Wortham v. Waldura et al

Filing 12

ORDER OF DISMISSAL WITH LEAVE TO AMEND 11 Amended Complaint filed by Freddie Fernando Wortham. The amended complaint in this case is DISMISSED with leave to amend in accordance with the standards and direction set forth herein. It is FURTHER OR DERED that the Clerk of Court shall remove the second plaintiff, Josh Blake, from the docket of this case as Plaintiff has stated that the name was mistakenly added to the caption of his complaint. Signed by Judge Robert M. Illman on 11/16/2020. (rmilc2S, COURT STAFF) (Filed on 11/16/2020)Any non-CM/ECF Participants have been served by First Class Mail to the addresses of record listed on the Notice of Electronic Filing (NEF)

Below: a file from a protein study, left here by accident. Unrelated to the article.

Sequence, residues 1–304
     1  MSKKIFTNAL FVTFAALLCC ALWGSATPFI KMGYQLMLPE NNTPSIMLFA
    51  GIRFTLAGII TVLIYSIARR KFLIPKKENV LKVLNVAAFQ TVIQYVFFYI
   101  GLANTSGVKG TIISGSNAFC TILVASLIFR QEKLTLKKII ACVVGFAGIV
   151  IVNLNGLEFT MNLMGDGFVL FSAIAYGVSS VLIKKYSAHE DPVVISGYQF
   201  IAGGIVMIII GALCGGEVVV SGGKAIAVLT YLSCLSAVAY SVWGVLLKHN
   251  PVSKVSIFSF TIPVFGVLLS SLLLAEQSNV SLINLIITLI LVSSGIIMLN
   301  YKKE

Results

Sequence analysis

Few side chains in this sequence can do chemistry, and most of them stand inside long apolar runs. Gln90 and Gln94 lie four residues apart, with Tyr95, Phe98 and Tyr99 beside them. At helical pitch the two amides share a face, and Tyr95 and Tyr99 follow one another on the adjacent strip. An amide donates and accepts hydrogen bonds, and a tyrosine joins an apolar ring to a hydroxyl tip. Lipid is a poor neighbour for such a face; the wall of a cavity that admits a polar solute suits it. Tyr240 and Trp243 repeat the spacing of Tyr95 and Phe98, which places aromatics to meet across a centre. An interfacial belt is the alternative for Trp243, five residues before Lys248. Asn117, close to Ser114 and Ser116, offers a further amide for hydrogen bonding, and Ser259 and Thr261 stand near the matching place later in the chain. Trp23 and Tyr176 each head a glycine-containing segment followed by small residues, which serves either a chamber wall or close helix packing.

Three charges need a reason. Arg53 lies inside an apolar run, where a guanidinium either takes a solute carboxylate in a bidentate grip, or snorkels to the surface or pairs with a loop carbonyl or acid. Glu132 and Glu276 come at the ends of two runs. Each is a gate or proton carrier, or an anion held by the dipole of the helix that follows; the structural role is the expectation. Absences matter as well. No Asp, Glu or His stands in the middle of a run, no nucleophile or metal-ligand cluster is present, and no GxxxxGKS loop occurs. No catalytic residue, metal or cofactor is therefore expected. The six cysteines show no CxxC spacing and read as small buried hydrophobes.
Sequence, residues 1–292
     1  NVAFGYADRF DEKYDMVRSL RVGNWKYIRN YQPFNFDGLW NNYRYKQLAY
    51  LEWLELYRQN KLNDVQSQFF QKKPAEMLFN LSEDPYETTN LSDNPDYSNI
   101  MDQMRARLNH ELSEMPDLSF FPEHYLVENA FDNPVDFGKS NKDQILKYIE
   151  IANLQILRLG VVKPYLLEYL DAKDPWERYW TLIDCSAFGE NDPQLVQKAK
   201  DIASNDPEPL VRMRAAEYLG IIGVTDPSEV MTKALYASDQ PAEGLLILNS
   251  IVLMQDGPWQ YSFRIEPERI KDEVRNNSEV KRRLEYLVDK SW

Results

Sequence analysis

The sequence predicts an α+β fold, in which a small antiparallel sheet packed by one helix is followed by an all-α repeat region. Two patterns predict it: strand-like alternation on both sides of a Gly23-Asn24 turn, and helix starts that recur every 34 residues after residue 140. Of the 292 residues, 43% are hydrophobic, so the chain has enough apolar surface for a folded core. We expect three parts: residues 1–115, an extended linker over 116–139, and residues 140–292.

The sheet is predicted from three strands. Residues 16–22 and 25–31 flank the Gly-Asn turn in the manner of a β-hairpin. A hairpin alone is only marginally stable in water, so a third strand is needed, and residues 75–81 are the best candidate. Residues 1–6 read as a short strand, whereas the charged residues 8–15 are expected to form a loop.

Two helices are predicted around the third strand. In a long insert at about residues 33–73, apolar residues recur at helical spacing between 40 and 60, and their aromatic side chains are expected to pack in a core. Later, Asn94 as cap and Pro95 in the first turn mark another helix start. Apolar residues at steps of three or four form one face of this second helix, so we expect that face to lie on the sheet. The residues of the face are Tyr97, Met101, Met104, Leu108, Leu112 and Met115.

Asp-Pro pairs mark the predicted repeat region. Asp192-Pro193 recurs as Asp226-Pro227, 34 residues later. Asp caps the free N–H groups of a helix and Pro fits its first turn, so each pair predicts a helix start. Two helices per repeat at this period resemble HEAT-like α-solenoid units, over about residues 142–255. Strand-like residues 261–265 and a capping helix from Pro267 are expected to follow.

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1 2 3 4 UNITED STATES DISTRICT COURT 5 NORTHERN DISTRICT OF CALIFORNIA 6 7 FREDDIE FERNANDO WORTHAM, et al., 8 9 10 Plaintiffs, v. ORDER OF DISMISSAL WITH LEAVE TO AMEND J. WALDURA, MD, et al., 11 United States District Court Northern District of California Case No. 20-cv-05394-RMI Defendants. 12 13 14 15 Plaintiff, a detainee, filed a pro se civil rights complaint under 42 U.S.C. § 1983. The original complaint (dkt. 1) was dismissed with leave to amend and Plaintiff has filed an amended complaint (dkt. 11). 16 17 18 19 20 21 22 23 24 25 26 27 28 DISCUSSION Standard of Review Federal courts must engage in a preliminary screening of cases in which prisoners seek redress from a governmental entity or officer or employee of a governmental entity. 28 U.S.C. § 1915A(a). In its review the court must identify any cognizable claims, and dismiss any claims which are frivolous, malicious, fail to state a claim upon which relief may be granted, or seek monetary relief from a defendant who is immune from such relief. Id. at 1915A(b)(1), (2). Pro se pleadings must be liberally construed. Balistreri v. Pacifica Police Dep’t, 901 F.2d 696, 699 (9th Cir. 1990). Federal Rule of Civil Procedure 8(a)(2) requires only a short and plain statement of the claim showing that the pleader is entitled to relief. Detailed facts are not necessary; the statement need only give a defendant fair notice of the nature of the claim and the grounds upon which it 1 rests. Erickson v. Pardus, 551 U.S. 89, 93 (2007). While a complaint “does not need detailed 2 factual allegations . . . a plaintiff’s obligation to provide the ‘grounds’ of his ‘entitle[ment] to 3 relief’ requires more than labels and conclusions, and a formulaic recitation of the elements of a 4 cause of action will not do . . . [instead, the] [f]actual allegations must be enough to raise a right to 5 relief above the speculative level.” Bell Atlantic Corp. v. Twombly, 550 U.S. 544, 555 (2007) 6 (citations omitted). A complaint, therefore, must proffer “enough facts to state a claim to relief that 7 is plausible on its face.” Id. at 570. The Supreme Court has explained the “plausible on its face” 8 standard of Twombly as such: “[w]hile legal conclusions can provide the framework of a 9 complaint, they must be supported by factual allegations. When there are well-pleaded factual allegations, a court should assume their veracity and then determine whether they plausibly give 11 United States District Court Northern District of California 10 rise to an entitlement to relief.” Ashcroft v. Iqbal, 556 U.S. 662, 679 (2009). 12 To state a claim under 42 U.S.C. § 1983, a plaintiff must allege two essential elements: (1) 13 that a right secured by the Constitution or laws of the United States was violated, and (2) that the 14 alleged deprivation was committed by a person acting under the color of state law. West v. Atkins, 15 487 U.S. 42, 48 (1988). 16 Legal Claims 17 Plaintiff alleges that he received inadequate medical care at Santa Rita Jail. A claim for a 18 violation of a pretrial detainee’s right to adequate medical care arises under the Fourteenth 19 Amendment rather than the Eighth Amendment. See Gordon v. County of Orange, 888 F.3d 1118, 20 1122 & n.4 (9th Cir. 2018). The claim is evaluated under an objective deliberate indifference 21 standard. 22 23 24 25 26 27 28 [T]he elements of a pretrial detainee’s medical care claim against an individual defendant under the due process clause of the Fourteenth Amendment are: (i) the defendant made an intentional decision with respect to the conditions under which the plaintiff was confined; (ii) those conditions put the plaintiff at substantial risk of suffering serious harm; (iii) the defendant did not take reasonable available measures to abate that risk, even though a reasonable official in the circumstances would have appreciated the high degree of risk involved—making the consequences of the defendant’s conduct obvious; and (iv) by not taking such measures, the defendant caused the plaintiff’s injuries. Id. at 1125. With regard to the third element, a defendant’s conduct must be objectively 2 1 unreasonable – “a test that will necessarily ‘turn[] on the facts and circumstances of each 2 particular case.’” Id. (citation omitted). The four-part test described in Gordon requires plaintiffs 3 to prove more than negligence, but less than subjective intent – something akin to reckless 4 disregard. Id. 5 In a § 1983 or a Bivens action – where employers and supervisors are not made to 6 automatically answer for the torts of their employees and subordinates – the term ‘supervisory 7 liability’ is a misnomer. Absent vicarious liability, each government official, his or her title 8 notwithstanding, is only liable for his or her own misconduct.” Iqbal, 556 U.S. at 677 (finding 9 under Twombly, 550 U.S. at 544, and Rule 8 of the Federal Rules of Civil Procedure, that complainant-detainee in a Bivens action failed to plead sufficient facts “plausibly showing” that 11 United States District Court Northern District of California 10 top federal officials “purposely adopted a policy of classifying post-September-11 detainees as ‘of 12 high interest’ because of their race, religion, or national origin” over more likely and non- 13 discriminatory explanations). 14 A supervisor may be liable under § 1983 upon a showing of (1) personal involvement in 15 the constitutional deprivation or (2) a sufficient causal connection between the supervisor’s 16 wrongful conduct and the constitutional violation. Henry A. v. Willden, 678 F.3d 991, 1003-04 17 (9th Cir. 2012). Even if a supervisory official is not directly involved in the allegedly 18 unconstitutional conduct, “[a] supervisor can be liable in this individual capacity for his own 19 culpable action or inaction in the training, supervision, or control of his subordinates; for his 20 acquiescence in the constitutional deprivation; or for conduct that showed a reckless or callous 21 indifference to the rights of others.” Starr v. Baca, 652 F.3d 1202, 1208 (9th Cir. 2011) (citation 22 omitted). The claim that a supervisory official “knew of unconstitutional conditions and ‘culpable 23 actions of his subordinates’ but failed to act amounts to ‘acquiescence in the unconstitutional 24 conduct of his subordinates’ and is ‘sufficient to state a claim of supervisory liability.’” Keates v. 25 Koile, 883 F.3d 1228, 1243 (9th Cir. 2018) (quoting Starr, 652 F.3d at 1208) (finding that 26 conclusory allegations that supervisor promulgated unconstitutional procedures which authorized 27 unconstitutional conduct of subordinates do not suffice to state a claim of supervisory liability). 28 3 In the original complaint, Plaintiff stated that he arrived at Santa Rita Jail and spoke with 1 an intake nurse. He informed the nurse that he was not allergic to any medication but was allergic 3 to shellfish. He was given either a multivitamin or an aspirin and the following day he had 4 swelling in his face and neck. He was then seen by medical staff who gave him an injection. The 5 next day, the swelling had still not subsided, so he was taken to an outside hospital where he was 6 treated and then released when the swelling dissipated. Plaintiff alleges that the nurse who gave 7 him the pill, as well as various other medical personnel and guards, violated his Fourteenth 8 Amendment rights due to the allergic reaction he reportedly suffered. It appears that Plaintiff is 9 also allergic to Lisinopril and he argues that Defendants should have informed him of the risks of 10 taking the pill due to adverse effects for African Americans and those who are diabetic and suffer 11 United States District Court Northern District of California 2 from high blood pressure. 12 The original complaint was dismissed with leave to amend to provide more detailed 13 information. Plaintiff has refiled the original complaint and separately noted that he never told the 14 intake nurse that he was not allergic to medication. However, Plaintiff has failed to address the 15 other deficiencies previously noted by the court. The amended complaint is therefore dismissed 16 with leave to amend such that Plaintiff can address those deficiencies. Plaintiff is again reminded that to state a cognizable Fourteenth Amendment claim in this 17 18 context, a plaintiff must demonstrate that the Defendants’ actions were more than merely negligent 19 – he must demonstrate that they were objectively unreasonable. In this case, Plaintiff must show 20 how Defendants should have known that he had an allergy, as it appears that even Plaintiff was 21 unaware. In addition, Plaintiff must present additional allegations showing how the other 22 Defendants were involved and how each of their actions violated his constitutional rights. Merely 23 because a Defendant happens to be a supervisor, or when a Defendant had some minimal 24 involvement with this incident, is insufficient to state a claim under the standards described above. 25 Plaintiff must file an entirely new complaint containing all his allegations in light of the standards 26 and directions provided herein. 27 // 28 // 4 CONCLUSION 1 2 It is hereby ORDERED that: 3 1. The Clerk of Court shall remove the second plaintiff, Josh Blake, from the docket of 4 this case as Plaintiff states that the name was mistakenly added to the caption of his complaint. 5 2. The amended complaint is DISMISSED with leave to amend in accordance with the 6 standards set forth above. The second amended complaint must be filed within twenty-eight (28) 7 days of the date this order is served and must include the caption and civil case number used in 8 this order. Plaintiff’s amended pleading must be entitled with the words, “SECOND AMENDED 9 COMPLAINT,” on the first page. Because an amended complaint completely replaces the original complaint, Plaintiff must include in it all the claims he wishes to present. See Ferdik v. Bonzelet, 11 United States District Court Northern District of California 10 963 F.2d 1258, 1262 (9th Cir. 1992). He may not incorporate material from the original complaint 12 by reference. Failure to amend within the designated time may result in the dismissal of this case. 13 3. It is Plaintiff’s responsibility to prosecute this case. Plaintiff must keep the court 14 informed of any change of address by filing a separate paper with the clerk entitled, “Notice of 15 Change of Address,” and must comply with the court’s orders in a timely fashion. Failure to do so 16 may result in the dismissal of this action for failure to prosecute pursuant to Federal Rule of Civil 17 Procedure 41(b). 18 19 IT IS SO ORDERED. Dated: November 16, 2020 20 21 ROBERT M. ILLMAN United States Magistrate Judge 22 23 24 25 26 27 28 5